Turning to the wider-focused Brighton Main Line 2 Project, Norman explained to Brian Hart: “I do understand why you wish to advance this, but you will understand that my fear is that every single addition to the re-opening of Lewes–Uckfield will increase the price and therefore potentially make the scheme less affordable. I am also concerned that BML2 potentially will generate more opposition than Lewes–Uckfield, not least from the National Park. I also believe there is a real risk that in order to keep costs down, a line to Brighton might proceed, but the spur to Lewes would not. Obviously that would be unacceptable to my constituents”.

In response, BML2’s Project Manager was equally at pains to reassure Norman of the Wealden Line Campaign’s continuing and unwavering commitment to seeing Lewes–Uckfield restored to the national network – nothing has changed on that score. It was a matter of some dismay and regret that a false notion had arisen in some quarters that Lewes and other towns along the East Coastway line were somehow being bypassed or sidelined. Nothing could be further from the truth and Brian Hart reiterated his passionate belief that BML2 actually made reopening south of Uckfield to Lewes, Brighton, Eastbourne, Seaford, etc., far more useful, worthwhile and financially attractive. However, he accepted it was best not to argue about individual goals, but instead share the common ground which existed between them. Norman agreed and felt that while they must accept each other’s differing opinion, it was important to concentrate on working towards the shared objective of re-establishing the Uckfield line’s connection to the South Coast.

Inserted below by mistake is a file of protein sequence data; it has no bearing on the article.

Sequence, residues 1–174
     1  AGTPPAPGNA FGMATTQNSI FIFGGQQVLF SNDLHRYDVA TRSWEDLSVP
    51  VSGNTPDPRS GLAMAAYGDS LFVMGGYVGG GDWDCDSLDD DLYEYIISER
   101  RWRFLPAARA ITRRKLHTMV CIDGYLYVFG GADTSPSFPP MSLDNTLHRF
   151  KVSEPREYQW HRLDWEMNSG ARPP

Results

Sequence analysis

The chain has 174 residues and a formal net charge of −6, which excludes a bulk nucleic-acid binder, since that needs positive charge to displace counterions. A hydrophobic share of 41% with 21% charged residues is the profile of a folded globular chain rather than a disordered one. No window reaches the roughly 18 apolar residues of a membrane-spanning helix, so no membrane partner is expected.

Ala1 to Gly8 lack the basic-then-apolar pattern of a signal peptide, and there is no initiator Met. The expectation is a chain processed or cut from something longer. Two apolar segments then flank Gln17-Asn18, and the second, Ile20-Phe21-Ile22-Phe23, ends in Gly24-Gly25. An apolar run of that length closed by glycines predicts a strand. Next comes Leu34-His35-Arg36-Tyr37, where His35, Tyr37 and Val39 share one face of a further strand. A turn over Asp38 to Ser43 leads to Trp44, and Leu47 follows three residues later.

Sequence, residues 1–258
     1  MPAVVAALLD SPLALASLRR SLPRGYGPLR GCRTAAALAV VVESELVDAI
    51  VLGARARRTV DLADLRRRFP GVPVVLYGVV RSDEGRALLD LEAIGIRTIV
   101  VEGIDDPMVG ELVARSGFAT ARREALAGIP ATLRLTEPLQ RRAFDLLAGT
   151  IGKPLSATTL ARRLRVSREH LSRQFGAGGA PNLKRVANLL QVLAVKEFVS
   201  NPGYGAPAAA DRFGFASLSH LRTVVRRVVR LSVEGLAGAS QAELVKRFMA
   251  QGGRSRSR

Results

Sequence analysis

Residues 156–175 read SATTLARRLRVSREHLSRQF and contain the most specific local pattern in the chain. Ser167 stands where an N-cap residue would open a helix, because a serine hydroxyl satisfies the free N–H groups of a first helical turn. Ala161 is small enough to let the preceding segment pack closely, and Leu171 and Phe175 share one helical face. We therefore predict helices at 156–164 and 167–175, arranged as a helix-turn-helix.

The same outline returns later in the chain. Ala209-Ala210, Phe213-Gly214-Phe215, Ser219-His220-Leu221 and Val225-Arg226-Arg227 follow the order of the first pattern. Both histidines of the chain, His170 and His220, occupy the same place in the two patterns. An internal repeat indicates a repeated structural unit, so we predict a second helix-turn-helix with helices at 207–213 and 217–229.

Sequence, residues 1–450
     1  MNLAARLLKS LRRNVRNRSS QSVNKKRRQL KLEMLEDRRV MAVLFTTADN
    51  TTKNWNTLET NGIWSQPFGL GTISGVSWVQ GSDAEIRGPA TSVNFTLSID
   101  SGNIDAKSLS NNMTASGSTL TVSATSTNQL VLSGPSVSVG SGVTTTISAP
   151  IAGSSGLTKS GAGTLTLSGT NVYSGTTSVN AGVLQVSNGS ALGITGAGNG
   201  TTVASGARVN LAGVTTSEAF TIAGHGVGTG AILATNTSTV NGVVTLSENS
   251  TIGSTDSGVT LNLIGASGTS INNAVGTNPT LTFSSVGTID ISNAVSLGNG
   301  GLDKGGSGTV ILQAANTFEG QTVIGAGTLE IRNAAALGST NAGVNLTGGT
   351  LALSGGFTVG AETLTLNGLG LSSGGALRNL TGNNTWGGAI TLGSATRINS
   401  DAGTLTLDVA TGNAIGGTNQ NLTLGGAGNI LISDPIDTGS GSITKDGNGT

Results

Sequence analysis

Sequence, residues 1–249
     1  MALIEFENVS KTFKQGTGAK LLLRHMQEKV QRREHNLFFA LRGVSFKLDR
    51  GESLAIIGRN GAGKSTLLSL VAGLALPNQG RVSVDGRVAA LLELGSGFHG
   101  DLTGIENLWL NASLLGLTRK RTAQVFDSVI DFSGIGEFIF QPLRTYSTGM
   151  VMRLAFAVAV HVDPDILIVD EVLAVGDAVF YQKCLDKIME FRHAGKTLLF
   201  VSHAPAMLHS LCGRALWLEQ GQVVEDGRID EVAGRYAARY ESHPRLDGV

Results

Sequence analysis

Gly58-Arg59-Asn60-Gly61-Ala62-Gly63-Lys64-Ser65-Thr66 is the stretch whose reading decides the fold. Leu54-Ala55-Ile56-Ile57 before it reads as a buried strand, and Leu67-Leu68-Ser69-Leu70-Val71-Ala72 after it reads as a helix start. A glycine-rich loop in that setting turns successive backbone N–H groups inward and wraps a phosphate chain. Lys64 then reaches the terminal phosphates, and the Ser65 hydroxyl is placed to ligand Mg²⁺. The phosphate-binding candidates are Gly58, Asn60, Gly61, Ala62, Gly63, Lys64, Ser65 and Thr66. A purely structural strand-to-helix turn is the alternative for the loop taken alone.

With regard to the disappointing conclusion of the 2008 Lewes–Uckfield re-opening report, Norman said he believed the reason the study had failed was because “the ‘low cost’ scheme which was worked up by the County Council did not show sufficient benefits”. Consequently, he added, “there will have to be consideration as to what changes are necessary to ensure the scheme becomes viable as part of an alternative South Coast and London railway line”.

He further explained that the investigation had omitted taking into consideration the pressing need to fully-upgrade the route north of Uckfield. This would involve ridding the route of its restrictive single-line sections [carried out in 1990 by British Rail to save on track maintenance costs] and returning to double-line working with associated electrification of the 32-miles between Hurst Green in Surrey and Lewes. This would fill a strategic gap in an otherwise largely electric network.  With higher line-speeds, faster and more intensive services would then be possible, whereby he believes train journey times between Lewes and London via Haywards Heath or Uckfield would be little different.